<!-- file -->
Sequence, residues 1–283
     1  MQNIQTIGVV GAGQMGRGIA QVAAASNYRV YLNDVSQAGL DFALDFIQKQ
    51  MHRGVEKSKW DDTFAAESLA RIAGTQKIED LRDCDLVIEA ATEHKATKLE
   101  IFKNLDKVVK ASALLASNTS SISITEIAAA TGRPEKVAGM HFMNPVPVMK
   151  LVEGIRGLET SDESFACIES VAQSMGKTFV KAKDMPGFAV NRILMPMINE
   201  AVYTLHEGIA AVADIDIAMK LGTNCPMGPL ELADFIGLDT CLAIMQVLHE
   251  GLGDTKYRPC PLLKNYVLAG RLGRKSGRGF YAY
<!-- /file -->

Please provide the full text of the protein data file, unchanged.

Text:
Sequence, residues 1–283
     1  MQNIQTIGVV GAGQMGRGIA QVAAASNYRV YLNDVSQAGL DFALDFIQKQ
    51  MHRGVEKSKW DDTFAAESLA RIAGTQKIED LRDCDLVIEA ATEHKATKLE
   101  IFKNLDKVVK ASALLASNTS SISITEIAAA TGRPEKVAGM HFMNPVPVMK
   151  LVEGIRGLET SDESFACIES VAQSMGKTFV KAKDMPGFAV NRILMPMINE
   201  AVYTLHEGIA AVADIDIAMK LGTNCPMGPL ELADFIGLDT CLAIMQVLHE
   251  GLGDTKYRPC PLLKNYVLAG RLGRKSGRGF YAY